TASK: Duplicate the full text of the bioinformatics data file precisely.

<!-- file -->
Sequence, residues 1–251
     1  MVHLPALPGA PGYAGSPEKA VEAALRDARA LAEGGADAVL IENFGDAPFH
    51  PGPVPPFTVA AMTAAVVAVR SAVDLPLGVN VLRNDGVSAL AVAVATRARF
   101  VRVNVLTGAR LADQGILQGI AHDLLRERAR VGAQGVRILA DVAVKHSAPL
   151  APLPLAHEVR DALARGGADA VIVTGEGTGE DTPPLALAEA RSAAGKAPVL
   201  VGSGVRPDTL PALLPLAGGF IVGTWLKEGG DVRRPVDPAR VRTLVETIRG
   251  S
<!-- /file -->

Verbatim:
Sequence, residues 1–251
     1  MVHLPALPGA PGYAGSPEKA VEAALRDARA LAEGGADAVL IENFGDAPFH
    51  PGPVPPFTVA AMTAAVVAVR SAVDLPLGVN VLRNDGVSAL AVAVATRARF
   101  VRVNVLTGAR LADQGILQGI AHDLLRERAR VGAQGVRILA DVAVKHSAPL
   151  APLPLAHEVR DALARGGADA VIVTGEGTGE DTPPLALAEA RSAAGKAPVL
   201  VGSGVRPDTL PALLPLAGGF IVGTWLKEGG DVRRPVDPAR VRTLVETIRG
   251  S